Lately, I’ve been noticing that more people are omitting their address or other contact info from their resume (OK, grammar police…take it easy). I think that because we live in a world where much of the job search process is done on line, many people think that an address is not necessary. As a recruiter, this is a little frustrating but probably not for the reason you would expect. Technically, where a person lives doesn’t really matter to me. One of the first questions we ask folks outside of our local area is whether they are open to working in Redmond. We end up asking the question to most candidates that we talk to anyway. So living in a city outside of the Seattle metro area really isn’t something that I would use to rule a candidate out.
The problem with resumes lacking contact info is that when you work for a company that receives about five thousand resumes a day, there are a lot of people out there with the same names (or similar names). Also consider the fact that when recruiters search a database for a candidate, they often truncate some of the first name (not sure whether Joseph is entered as Joe, you search on Jo* to get both). So when we are looking at candidate records, a simple search can pull up a lot of folks. What is the other data entered into the system that helps us weed through these lists of candidates to find the right one? City and state and e-mail address. Looking through a list of similarly named candidates, it’s the piece of info that helps us zero in on the right person (if you submit a resume, move and then submit a new one, we can capture that info and change the address on your record). For example, if I was looking up my name, I would be looking for the Heather Hamilton of Redmond, Washington. Without the city and state info, the recruiter could have to pull up each resume individually to review the background of each person to figure out which one is me. That is not fun. (This applies to looking for candidates by name, not keyword searching resumes, by the way)
So if you include your address and e-mail address on your resume, it helps us get to you faster. A few other pointers with regard to contact info on your resume:
-I would recommend using a lifetime e-mail address if you have been offered one by a university, alumni or professional organization. While addresses may change over time, a lifetime e-mail address stays the same. This helps us stay in touch with you over the long term, even though you decided to switch from AOL to MSN (I’m just saying!). You can have all of your e-mail from your lifetime account forwarded to wherever you are at the time. Makes you more find-able to recruiters.
-If you are an international candidate, please consider the fact that we (recruiters) may not dial international numbers all that often ( I may only be speaking for myself here) and include all of the numbers that we would need to dial to reach you (please don’t forget that country code).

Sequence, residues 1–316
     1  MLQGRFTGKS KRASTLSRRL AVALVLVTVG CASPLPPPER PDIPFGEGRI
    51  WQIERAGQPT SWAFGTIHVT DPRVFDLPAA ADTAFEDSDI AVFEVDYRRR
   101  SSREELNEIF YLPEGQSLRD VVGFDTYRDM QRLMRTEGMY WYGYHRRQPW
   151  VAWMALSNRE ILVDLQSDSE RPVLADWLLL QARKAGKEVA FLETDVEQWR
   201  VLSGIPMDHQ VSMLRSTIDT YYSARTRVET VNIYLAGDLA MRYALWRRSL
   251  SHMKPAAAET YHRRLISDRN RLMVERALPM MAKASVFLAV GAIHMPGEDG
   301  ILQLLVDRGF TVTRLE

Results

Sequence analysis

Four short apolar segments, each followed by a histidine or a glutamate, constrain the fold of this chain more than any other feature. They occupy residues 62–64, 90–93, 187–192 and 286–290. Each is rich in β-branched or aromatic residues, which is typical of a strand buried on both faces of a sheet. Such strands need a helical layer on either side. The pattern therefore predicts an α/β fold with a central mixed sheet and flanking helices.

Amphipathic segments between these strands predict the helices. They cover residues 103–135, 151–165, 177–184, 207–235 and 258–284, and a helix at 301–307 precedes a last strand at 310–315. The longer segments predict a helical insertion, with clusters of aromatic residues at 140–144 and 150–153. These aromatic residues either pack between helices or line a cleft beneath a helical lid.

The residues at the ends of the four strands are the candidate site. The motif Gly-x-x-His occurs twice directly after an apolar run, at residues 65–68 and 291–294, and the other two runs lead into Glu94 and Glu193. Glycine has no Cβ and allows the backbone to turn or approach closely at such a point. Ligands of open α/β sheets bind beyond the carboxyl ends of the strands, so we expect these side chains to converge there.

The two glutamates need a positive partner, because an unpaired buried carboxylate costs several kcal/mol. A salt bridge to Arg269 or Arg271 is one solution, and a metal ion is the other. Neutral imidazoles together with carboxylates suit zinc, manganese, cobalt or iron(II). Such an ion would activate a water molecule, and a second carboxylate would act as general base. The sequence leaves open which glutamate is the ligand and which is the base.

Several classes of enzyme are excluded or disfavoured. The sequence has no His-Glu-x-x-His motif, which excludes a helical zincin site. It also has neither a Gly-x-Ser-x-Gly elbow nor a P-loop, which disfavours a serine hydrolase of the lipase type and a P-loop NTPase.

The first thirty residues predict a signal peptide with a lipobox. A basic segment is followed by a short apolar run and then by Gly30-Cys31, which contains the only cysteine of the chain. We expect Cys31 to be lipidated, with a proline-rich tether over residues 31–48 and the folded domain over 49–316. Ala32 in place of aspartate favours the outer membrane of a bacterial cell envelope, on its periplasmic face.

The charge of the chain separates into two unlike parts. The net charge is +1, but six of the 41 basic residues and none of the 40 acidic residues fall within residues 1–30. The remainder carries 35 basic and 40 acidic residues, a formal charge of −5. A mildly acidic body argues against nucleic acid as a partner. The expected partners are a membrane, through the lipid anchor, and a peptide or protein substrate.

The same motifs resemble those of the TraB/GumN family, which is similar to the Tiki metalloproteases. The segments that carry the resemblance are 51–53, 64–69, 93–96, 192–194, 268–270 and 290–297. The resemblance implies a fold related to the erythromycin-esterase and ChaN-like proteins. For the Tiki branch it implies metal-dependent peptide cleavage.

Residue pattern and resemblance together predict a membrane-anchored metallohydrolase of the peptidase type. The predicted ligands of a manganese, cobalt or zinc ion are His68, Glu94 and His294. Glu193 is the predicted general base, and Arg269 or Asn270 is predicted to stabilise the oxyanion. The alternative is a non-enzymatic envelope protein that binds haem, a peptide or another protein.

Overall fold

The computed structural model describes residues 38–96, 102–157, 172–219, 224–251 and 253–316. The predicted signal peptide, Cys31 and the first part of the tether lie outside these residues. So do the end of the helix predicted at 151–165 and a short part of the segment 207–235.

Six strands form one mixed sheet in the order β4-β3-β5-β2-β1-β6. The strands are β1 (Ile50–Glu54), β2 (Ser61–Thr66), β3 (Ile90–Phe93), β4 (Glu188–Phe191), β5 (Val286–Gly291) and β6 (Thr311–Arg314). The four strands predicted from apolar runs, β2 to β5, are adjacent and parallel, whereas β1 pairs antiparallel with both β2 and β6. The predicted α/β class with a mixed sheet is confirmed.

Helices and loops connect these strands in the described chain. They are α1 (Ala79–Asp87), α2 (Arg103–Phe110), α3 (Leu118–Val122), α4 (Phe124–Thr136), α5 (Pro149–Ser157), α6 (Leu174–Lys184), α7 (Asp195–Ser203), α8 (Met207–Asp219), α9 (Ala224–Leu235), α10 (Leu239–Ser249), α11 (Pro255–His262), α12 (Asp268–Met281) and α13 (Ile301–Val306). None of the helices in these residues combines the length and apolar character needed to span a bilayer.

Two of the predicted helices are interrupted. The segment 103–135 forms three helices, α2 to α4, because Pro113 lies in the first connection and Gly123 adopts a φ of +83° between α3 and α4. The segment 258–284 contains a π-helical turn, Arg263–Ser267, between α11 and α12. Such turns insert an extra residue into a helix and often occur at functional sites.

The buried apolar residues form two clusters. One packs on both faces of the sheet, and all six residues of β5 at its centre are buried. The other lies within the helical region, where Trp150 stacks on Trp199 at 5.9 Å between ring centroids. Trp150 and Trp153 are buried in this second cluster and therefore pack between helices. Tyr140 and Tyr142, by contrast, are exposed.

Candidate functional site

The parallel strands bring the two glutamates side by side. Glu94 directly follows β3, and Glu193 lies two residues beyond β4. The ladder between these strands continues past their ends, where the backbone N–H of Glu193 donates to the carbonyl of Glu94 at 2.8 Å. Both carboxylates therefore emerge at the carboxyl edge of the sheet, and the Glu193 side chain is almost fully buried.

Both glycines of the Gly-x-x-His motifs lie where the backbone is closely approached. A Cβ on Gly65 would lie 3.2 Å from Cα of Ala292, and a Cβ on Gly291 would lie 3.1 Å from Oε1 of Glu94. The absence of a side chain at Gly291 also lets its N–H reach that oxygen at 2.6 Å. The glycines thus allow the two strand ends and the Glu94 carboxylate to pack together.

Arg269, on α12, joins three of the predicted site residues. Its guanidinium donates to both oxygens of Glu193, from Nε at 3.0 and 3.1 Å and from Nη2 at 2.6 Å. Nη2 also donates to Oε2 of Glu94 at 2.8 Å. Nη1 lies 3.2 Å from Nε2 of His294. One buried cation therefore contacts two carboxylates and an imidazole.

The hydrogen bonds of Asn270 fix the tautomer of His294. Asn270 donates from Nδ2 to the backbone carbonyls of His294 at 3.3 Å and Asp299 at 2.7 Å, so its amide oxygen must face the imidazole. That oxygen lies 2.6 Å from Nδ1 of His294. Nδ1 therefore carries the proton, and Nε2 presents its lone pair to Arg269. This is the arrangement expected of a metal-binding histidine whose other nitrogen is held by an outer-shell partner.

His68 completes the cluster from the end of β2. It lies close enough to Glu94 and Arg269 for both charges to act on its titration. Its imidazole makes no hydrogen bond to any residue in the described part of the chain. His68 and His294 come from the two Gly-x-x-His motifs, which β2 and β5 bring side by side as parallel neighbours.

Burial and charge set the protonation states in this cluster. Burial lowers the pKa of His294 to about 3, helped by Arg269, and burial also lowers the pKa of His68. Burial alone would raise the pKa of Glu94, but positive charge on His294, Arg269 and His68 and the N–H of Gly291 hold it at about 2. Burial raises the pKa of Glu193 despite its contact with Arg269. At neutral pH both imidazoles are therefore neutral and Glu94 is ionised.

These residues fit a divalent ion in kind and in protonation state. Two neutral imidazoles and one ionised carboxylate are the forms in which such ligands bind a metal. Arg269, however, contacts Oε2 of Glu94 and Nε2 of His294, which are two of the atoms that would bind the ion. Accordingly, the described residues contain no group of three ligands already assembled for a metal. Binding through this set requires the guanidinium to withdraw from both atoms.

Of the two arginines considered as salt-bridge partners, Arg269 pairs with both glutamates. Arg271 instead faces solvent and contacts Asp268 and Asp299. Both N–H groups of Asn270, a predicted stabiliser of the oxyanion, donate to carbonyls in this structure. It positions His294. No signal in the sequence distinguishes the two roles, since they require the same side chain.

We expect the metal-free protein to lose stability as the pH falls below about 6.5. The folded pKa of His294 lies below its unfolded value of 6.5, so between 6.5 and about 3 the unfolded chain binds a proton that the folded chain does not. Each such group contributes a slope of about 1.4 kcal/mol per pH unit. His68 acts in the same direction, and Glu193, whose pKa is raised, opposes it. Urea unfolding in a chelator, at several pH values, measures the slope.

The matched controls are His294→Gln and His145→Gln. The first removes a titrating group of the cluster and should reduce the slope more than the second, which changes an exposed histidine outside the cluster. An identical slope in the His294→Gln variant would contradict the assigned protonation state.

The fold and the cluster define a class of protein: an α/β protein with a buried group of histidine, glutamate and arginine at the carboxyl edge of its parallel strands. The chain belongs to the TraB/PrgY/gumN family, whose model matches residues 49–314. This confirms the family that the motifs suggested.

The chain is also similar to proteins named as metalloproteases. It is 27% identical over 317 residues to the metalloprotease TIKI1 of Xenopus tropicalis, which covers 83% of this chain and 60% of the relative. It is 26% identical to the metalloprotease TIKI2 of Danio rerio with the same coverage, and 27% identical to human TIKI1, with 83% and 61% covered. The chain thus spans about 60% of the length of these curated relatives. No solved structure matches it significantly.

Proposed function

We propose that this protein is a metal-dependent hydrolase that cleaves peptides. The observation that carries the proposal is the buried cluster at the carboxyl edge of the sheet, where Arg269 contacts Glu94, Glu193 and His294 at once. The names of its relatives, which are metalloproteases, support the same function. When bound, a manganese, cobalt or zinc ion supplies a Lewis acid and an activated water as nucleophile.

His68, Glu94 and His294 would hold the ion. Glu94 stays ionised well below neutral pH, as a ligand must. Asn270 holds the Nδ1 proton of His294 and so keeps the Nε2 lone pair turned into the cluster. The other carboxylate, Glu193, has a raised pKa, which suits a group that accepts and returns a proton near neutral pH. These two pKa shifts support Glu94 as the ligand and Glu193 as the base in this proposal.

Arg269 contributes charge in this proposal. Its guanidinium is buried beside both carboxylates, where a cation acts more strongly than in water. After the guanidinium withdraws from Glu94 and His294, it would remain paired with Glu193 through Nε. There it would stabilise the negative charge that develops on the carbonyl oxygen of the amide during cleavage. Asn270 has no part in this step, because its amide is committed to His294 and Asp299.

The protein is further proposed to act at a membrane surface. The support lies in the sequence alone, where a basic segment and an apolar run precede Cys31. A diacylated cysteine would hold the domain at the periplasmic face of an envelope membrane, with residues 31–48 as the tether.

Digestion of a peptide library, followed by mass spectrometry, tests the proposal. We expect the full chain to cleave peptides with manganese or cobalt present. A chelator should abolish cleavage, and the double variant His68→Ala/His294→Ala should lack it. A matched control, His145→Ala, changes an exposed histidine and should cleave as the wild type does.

-Since many recruiters work off the digital version of your resume, there is a good chance that a recruiter would be giving you a call without printing out a copy of your resume. Putting your contact info in a header creates an extra step for the recruiter to be able to view it. Ideally, a recruiter should be able to view the entire document without having to take any extra steps. Using a header may result in a prettier printed copy, but I know that I generally only print out resumes of candidates that I am interviewing in person. By then, you’ve already got my attention.
Couple more things…
-This isn’t about the contact info, but one more thing I’m still seeing a lot of on resumes is people not explaining what their company does or what their product is (if they are in a product focused role). This is info that recruiters care about…so don’t forget to include it. Even if you think it’s obvious.
-And also remember that when a resume is scanned, formatting is lost and the scanning is from left to right. If you want to see what your resume will look like in our database, save it in a .txt copy and view that. That cool formatting you did may actually end up working against you. Graphics will be lost (feel free to submit both a .doc and a .txt copy if you want recruiters to have a pretty copy and also a text copy to scan). I’m not a big fan of graphics, because I like resumes to be as simple and straightforward as possible (the info should speak for itself), but I am sure there are some creative fields where one would be more likely to include graphics.
I’m not sure if December is the official month to clean up one’s resume (nice and quiet at work, thinking about that new year’s resolution), but it wouldn’t be a bad idea to do it now if 2005 could bring a career change for you.